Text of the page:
So, that is where I get removed from the norm, I consider each chronological movement to, in effect, create a new person. Unintuitive, yes, but I don't see why that's a problem logically. Of course,  people can point of problems with this, most if not all I dash with ease, or so I feel... but nonetheless, it is an odd position, I'll admit, though by no means I'll admit it is wrong. The fact is, since the two people that exist at the two closest chronological intervals are going to be so vastly similar, there is no reason to treat them any differently. That is, while in reality they are different people, there's no reason to treat them as something else, until we jump larger periods of time where the similarity to the pervious person may not be quite so similar after all. So then, a person I knew in high school may be in some if not many respects similar, he is a new person.  The idea of 'catching up' is in essence meeting the new person. Now, under normal circumstances the changes may not be so vast (though in this range, is probably most likely to be larger than normal), but other circumstances can aggravate changes as well. A kid in high school and a war vet may be six years apart, but... as far as personality goes, can be so vastly different. The person you knew exists in the past, a remnant of time, dead infinite times over, only to be reborn based on the world around them, and their deeds. Reincarnation, writ large.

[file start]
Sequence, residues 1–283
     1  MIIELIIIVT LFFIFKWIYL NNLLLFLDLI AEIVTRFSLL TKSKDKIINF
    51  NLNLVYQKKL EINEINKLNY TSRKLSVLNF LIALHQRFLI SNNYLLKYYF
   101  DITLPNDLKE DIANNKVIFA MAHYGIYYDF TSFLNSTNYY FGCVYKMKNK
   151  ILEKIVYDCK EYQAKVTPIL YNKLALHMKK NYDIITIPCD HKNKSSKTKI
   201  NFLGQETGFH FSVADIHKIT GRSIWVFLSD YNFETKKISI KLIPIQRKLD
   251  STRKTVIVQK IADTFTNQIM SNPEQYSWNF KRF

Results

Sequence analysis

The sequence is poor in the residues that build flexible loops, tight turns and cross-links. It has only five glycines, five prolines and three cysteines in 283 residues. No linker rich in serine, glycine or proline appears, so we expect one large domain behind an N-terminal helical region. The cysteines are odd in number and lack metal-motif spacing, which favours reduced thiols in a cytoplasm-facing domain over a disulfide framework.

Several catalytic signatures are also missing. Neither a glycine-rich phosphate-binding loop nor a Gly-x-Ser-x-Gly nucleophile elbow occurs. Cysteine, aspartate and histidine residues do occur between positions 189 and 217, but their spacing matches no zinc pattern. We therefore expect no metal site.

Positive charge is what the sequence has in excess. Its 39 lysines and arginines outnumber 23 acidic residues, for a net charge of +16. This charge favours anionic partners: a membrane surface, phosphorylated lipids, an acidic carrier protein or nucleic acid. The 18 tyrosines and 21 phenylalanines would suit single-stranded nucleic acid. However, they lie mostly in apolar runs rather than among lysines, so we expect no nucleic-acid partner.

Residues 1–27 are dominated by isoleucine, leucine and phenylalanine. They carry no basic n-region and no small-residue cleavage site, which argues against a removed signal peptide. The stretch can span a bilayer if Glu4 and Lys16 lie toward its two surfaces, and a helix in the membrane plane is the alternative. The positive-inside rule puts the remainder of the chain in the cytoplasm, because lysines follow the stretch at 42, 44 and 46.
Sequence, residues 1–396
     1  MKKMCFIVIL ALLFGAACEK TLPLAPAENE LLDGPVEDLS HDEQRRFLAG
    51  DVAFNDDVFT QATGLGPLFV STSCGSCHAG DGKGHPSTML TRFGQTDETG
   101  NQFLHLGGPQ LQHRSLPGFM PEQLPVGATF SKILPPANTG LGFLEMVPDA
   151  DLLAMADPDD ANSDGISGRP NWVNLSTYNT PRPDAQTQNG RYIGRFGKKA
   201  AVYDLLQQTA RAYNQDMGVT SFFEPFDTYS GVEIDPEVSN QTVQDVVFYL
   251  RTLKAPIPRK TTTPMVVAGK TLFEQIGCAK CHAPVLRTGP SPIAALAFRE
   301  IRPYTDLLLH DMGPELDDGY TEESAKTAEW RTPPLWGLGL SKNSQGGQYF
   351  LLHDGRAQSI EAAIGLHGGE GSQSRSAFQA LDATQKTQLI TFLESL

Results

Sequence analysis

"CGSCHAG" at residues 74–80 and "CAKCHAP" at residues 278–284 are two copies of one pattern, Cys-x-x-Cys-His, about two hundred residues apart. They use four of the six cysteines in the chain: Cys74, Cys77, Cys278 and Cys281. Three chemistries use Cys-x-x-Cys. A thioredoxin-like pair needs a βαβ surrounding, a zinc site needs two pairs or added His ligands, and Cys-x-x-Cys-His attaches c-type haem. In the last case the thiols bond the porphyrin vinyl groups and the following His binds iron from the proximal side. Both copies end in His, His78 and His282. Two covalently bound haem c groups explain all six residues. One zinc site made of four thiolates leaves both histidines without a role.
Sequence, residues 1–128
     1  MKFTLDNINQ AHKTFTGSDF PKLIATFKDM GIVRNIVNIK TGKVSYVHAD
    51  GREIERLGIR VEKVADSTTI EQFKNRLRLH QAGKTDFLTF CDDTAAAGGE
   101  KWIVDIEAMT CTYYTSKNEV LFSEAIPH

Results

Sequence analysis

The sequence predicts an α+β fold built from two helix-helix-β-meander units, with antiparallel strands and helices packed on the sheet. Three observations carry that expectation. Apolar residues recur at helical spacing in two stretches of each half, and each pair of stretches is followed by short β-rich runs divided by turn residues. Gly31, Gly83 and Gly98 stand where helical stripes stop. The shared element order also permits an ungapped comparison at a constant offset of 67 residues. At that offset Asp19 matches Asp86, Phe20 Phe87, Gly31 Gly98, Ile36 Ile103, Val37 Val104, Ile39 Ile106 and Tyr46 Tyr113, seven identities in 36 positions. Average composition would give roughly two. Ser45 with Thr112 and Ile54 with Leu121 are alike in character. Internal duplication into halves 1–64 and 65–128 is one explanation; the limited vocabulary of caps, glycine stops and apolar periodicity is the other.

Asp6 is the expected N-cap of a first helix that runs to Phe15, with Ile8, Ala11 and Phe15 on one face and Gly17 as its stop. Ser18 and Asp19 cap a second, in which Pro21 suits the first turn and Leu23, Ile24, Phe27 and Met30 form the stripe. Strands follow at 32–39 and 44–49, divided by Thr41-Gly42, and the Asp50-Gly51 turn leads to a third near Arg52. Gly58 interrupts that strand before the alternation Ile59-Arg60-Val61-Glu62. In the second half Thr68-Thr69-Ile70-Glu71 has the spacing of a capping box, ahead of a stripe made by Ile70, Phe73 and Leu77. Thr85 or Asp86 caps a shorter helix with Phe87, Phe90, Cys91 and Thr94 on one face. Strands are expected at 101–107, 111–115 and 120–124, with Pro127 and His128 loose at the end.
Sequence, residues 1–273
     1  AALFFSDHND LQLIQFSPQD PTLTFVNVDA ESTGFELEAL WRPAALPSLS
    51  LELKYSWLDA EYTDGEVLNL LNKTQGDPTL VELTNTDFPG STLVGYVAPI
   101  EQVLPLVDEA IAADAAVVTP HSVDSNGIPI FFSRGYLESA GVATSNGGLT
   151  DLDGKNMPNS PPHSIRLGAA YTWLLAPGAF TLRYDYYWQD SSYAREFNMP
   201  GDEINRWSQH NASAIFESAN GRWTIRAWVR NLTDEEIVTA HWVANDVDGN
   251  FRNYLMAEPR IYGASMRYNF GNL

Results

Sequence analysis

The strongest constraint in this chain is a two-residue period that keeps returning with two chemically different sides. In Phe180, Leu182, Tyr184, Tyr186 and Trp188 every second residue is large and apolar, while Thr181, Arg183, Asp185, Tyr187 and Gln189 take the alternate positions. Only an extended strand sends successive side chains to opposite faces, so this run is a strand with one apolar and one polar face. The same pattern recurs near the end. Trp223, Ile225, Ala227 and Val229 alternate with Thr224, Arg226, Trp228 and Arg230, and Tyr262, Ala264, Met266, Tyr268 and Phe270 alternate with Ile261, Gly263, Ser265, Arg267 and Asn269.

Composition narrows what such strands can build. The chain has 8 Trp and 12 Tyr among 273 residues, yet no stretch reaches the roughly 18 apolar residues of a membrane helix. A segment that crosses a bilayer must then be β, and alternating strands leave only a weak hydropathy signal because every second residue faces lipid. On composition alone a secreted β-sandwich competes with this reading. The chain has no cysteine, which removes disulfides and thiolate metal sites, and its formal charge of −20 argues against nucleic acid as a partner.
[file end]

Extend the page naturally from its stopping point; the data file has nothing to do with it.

Now, everything prior to this I'll gladly defend (excluding my little bit of mediocre poetic prose) and admit, the next part however is more silly, but I still find it a fun idea to toy around with, in the vein of Berkeley type bullshit philosophy. I won't go on long about it.

Let us take Plank Time: and apply it to my personal identity through time. Using a film analogy we can draw a similar conclusion. Plank time in essence cuts the universe, or at least, the stages of observing it, into absurdly small pieces, but the speed of them in rapid succession creates the illusion of a singular, constant, event. Much like with a movie, separate pictures seen in rapid succession creates the same illusion. So, then, personhood through time is an illusion as much as movement of pictures rapidly creates a scene that has movement. Perhaps time itself, at least how we see it, is the same.